Do I feel sorry for her blowing all the money-- not at all. But I do think it is a good thing to bring to the public eye and maybe will be a help for someone who has a similar problem to get them to recognize the problem and see themselves in her story.

She still has $500,000 to start a business and live on, she has the opportunity to sell things she really doesn't need to pay off some bills etc., her kids will get $800,000
on their 18th birthday so they can still go to a great school. So other than losing her husband which we will all agree is tragic - her life is really good compared to most of us.

And now I am going back to cooking and baking for a funeral we are going to tomorrow -- for the 40 yr old mother of 3 who had a brain aneurysm on Friday at work and died basically before she hit the ground. As her final celebration of life she donated her organs to help others. Her husband is in the same fire company as my husband and the fire department family will do all they can to help that family. They won't get any money to help them other than a possible donation from the benevolent fund to help with the doctor and funeral. And hopefully we will be able to have a cocktail party and raffle later to start college funds for the kids. So, I won't even get into whether or not I feel her life was less valuable than the people who died in 9/11 or if it was any less tragic or sudden because that is another whole sore spot for me today reading this thread.

Sorry for the rant but this pushed my buttons on all sorts of levels today.

[edit on 13-6-2005 by justme1640]



posted on Jun, 13 2005 @ 08:33 PM
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Thankyou for posting that, JustMe.

Is it jealousy that's rattled our anger? Are we yearning for our own hottubs and Manalo Blahniks?

She. Lost. Her. Husband.

Sure, she's not the only one. But everyone copes with grief differently - but to condemn her for the way she tried to cope, seems a little heartless.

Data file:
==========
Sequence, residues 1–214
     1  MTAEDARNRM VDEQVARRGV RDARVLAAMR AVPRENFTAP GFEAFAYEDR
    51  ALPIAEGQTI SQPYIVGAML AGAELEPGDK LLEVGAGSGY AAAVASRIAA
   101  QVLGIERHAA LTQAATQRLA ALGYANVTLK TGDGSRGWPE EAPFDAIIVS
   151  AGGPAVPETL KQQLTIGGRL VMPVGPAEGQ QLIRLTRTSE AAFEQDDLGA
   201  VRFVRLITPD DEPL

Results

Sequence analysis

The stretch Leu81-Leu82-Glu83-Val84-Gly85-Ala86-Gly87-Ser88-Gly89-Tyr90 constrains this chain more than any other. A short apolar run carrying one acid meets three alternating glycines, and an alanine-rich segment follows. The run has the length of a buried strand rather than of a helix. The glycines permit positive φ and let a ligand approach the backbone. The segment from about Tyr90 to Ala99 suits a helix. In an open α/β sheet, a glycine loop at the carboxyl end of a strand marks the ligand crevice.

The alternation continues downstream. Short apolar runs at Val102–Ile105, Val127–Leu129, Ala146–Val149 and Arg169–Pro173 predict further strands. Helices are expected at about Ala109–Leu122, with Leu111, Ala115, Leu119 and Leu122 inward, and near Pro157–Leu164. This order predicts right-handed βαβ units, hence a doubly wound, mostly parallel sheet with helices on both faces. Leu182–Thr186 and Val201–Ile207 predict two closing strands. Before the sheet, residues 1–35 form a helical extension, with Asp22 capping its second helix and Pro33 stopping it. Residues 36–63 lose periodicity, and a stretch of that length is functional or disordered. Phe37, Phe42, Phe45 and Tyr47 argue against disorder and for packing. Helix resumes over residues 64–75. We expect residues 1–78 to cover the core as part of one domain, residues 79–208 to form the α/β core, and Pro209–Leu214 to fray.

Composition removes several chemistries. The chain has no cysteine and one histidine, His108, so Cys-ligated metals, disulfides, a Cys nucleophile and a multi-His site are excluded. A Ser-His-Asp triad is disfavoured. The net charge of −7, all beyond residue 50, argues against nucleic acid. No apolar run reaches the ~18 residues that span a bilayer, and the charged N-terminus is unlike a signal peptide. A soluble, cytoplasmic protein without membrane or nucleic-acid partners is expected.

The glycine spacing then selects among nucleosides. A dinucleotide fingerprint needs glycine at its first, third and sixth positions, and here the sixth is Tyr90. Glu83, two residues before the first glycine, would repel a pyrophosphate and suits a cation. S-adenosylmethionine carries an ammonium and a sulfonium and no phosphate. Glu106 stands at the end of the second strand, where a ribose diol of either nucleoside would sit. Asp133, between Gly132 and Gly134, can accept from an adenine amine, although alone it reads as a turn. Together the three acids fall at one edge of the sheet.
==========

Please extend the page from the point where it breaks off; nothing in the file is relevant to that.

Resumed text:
A little empathy, people? Please? As she's learned, no amount of spending can ever replace what she really lost.

And I can't help feeling sorry for her, for that.



[edit on 13-6-2005 by Tinkleflower]



posted on Jun, 14 2005 @ 09:59 AM
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Excellent point justme1640...

I think people are a bit to quick to criticize when they're not in someone’s else's shoes...

Like you and no doubt many others here at BTS, I know my fair share of wealthy people who spend extravagantly and the borderline bankrupt who spend extravagantly....And for the most part, they both do it b/c they're missing something else in their lives that they're trying to make up for...

No one can justify what she did and say it was right....But the important thing people should learn from this is that when you loose someone close to you, your immediate reaction may be to seek comfort by the quickest and most effective means possible...

This woman spent money as a form of releasing her pain and suffering....She was immediately satisfied to know that she could buy whatever she wanted, and for those brief moments in between expenditures, she was happy...

You can call it a bunch of tripe, useless news, etc....But many people out there don't have the real-life experience or the self-awareness to step back and view their own lives from another perspective....

The media is already a turd in the toilet bowl ready to be flushed - Why should people get so upset over an article that may actually help people instead of force upon them more misery?